At the July 26, 2006 hearing, GC presented its expert planner, Roger DeNiscia. In response to DeNiscia's comments regarding the reclassification of the Property from an R district to the TOV district, the Board Chair stated, "But that's proposed. It may never come to fruition," and "[w]e have to judge this upon what the existing zoning is right now." Nevertheless, given the foreseeable changes to the zoning district, DeNiscia opined that the application demonstrated the necessary special reasons to warrant a use variance because the Property is particularly suited for the proposed use and it would advance the purposes of planning. The Board Chair questioned DeNiscia further as to how the mixed-use building was particularly suited for the site because of its location in a residential area.

Based upon the repeated comments at the first hearing that GC had proposed development consistent with a proposal to amend the zoning that may never occur, GC indicated at the start of the October 4, 2006 hearing that it would like to amend its application to reduce the number of residential units in the mixed-use building from three to two, one of which would be designated as an affordable housing unit. GC also reduced the height of the building and the number of parking spaces.

GC's planner continued his testimony, explaining the changes made to the proposal and justifying the variances that were being sought. Once again, the Board Chair and some of the other Board members emphasized that the Property is presently located in an R district, and GC should not focus on future permitted uses.

During the October 4, 2006 hearing, the issue of whether a single-family dwelling would be a better use for the Property was addressed. At the end of the hearing, GC's attorney asked Richard Cannerella, the principal of GC and the project's engineer, whether there were any other amendments he would be willing to make to the application in light of the concerns expressed by the Board. GC's principal responded that he believed the proposed mixed-use development was best suited to the site but would amend his proposal to a single-family house due to the negative sentiment by the Board. Although the Board Vice Chair stated that the reservations concerned the intensity rather than the mixed-use nature of the proposal, GC decided to alter its proposal.

On December 6, 2006, GC amended its application from a request for a use variance to a request for a bulk variance required to construct a two-story single-family dwelling. GC requested the following bulk variances: lot area, 43,560 square feet required, 23,727.13 square feet existing; and lot width at setback on Amwell Road, 150 feet required, 137.77 feet existing.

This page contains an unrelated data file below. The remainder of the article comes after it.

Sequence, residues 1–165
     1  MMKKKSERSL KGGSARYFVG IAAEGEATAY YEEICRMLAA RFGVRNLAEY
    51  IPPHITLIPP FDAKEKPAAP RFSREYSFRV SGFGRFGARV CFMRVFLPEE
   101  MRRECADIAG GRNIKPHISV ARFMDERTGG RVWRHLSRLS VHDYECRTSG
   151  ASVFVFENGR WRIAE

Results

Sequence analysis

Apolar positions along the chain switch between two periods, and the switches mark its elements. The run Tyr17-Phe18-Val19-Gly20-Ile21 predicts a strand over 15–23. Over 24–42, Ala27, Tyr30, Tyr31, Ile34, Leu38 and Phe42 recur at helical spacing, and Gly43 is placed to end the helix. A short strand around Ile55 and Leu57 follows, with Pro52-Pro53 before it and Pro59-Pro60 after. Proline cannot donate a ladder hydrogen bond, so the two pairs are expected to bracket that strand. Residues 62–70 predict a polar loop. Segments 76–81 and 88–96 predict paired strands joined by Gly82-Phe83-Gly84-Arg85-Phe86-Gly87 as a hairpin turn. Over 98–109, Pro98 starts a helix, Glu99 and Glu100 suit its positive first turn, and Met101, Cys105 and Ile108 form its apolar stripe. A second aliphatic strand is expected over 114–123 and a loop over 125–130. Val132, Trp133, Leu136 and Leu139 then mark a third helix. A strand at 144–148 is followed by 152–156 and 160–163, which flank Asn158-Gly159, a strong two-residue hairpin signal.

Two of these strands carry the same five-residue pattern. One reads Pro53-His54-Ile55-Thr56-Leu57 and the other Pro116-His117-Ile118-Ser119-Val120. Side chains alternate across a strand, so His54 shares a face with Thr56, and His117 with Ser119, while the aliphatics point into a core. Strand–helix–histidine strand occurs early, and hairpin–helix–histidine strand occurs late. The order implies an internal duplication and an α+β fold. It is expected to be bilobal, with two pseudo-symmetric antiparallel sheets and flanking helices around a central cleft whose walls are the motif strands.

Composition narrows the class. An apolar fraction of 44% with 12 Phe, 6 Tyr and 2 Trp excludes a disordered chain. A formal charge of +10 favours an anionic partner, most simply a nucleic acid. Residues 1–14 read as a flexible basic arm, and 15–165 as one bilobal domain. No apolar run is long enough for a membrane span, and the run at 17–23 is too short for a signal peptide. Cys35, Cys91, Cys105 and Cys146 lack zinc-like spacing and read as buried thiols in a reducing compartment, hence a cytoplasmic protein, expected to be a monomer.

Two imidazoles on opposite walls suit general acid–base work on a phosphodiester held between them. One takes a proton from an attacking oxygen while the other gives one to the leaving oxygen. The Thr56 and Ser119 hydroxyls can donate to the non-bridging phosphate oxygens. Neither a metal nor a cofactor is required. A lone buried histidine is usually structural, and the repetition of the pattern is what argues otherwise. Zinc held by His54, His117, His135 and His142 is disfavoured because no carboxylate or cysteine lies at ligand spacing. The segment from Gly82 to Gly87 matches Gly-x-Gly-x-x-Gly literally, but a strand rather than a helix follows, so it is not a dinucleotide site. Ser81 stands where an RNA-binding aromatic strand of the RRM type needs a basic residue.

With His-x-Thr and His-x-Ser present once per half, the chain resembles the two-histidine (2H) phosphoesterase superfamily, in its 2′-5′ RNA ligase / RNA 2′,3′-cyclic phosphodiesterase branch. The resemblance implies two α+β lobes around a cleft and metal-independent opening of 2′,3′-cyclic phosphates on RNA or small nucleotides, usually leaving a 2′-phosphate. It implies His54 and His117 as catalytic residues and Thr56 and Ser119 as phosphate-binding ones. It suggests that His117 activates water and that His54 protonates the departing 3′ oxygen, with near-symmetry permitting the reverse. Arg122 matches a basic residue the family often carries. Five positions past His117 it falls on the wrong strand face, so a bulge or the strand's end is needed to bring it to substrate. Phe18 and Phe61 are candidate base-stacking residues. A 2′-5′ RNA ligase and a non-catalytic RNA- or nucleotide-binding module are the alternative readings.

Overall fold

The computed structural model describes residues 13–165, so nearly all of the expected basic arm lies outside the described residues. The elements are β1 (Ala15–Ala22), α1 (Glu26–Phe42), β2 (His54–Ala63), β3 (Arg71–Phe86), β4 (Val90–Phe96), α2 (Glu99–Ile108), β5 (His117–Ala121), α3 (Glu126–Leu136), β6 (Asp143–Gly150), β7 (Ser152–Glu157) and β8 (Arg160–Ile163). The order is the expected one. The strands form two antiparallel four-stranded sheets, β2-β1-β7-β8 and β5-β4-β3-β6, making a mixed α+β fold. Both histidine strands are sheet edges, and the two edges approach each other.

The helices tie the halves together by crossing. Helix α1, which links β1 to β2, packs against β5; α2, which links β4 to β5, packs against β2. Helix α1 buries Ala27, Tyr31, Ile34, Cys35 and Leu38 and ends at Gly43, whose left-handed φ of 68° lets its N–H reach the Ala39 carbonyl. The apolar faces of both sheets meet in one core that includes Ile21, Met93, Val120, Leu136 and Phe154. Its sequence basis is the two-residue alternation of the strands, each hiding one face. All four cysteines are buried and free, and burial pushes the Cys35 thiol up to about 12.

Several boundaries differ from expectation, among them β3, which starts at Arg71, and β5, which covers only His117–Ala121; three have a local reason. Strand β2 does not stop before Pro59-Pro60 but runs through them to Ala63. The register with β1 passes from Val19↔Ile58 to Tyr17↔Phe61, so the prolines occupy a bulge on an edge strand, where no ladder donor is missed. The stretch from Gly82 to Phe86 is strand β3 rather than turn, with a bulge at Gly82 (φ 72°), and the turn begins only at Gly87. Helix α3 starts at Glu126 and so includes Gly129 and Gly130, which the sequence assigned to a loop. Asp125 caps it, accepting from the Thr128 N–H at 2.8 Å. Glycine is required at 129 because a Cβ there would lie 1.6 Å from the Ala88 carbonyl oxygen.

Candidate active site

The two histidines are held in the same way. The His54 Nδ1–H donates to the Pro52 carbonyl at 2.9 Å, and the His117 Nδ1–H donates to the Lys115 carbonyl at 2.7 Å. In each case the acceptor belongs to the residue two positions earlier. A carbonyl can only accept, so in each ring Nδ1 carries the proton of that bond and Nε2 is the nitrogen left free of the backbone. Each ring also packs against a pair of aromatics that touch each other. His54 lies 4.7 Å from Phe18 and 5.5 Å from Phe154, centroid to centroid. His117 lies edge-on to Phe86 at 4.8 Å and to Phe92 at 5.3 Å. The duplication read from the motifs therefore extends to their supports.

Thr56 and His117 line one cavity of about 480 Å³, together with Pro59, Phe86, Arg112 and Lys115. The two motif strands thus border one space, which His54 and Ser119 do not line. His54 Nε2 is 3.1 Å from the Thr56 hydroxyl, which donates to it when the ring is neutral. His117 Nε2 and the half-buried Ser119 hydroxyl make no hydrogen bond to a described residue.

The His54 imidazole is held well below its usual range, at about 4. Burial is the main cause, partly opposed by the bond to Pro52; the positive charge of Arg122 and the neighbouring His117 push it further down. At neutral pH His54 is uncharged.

GC's principal described the current state of the Property as an overgrown wooded site with piles of debris on it from wood sheds that may have collapsed. At the hearing GC informed the Board that it had not offered to purchase adjacent properties or to sell the Property to adjacent property owners. The Board Chair responded that the applicant was required to do that; GC's attorney argued that such offers were relevant, but not dispositive. The Board's attorney agreed, but noted that offers to sell or buy adjacent properties are relevant, and "the Board's rules have always been that it wants to see that."

In order to address the issue, GC suggested that the Board grant a conditional variance contingent on it making the appropriate offers. GC also argued that making offers to sell to adjacent property owners did not make sense in this case because one adjacent lot has been taken by DOT and the other contiguous lot is already developed and undersized. Nevertheless, the Board Chair advised GC that it should pursue a sale to the contiguous neighbor.

The owner of the non-DOT-owned contiguous lot was in the audience during the December 6, 2006 hearing, and the Board provided a short recess to allow GC to speak with him. During the recess, the contiguous property owner indicated some interest in acquiring the lot, but neither party was in a position to make an offer.

By letter dated December 14, 2006, GC made an offer to the contiguous property owner to sell the Property for $173,000 based upon an appraisal prepared by Joseph L. Gorsky.

The hearing reconvened on January 17, 2007. At that time, only four members of the Board who initially heard GC's application were present. Rather than carry the matter to another meeting, it was determined that the application could proceed as ...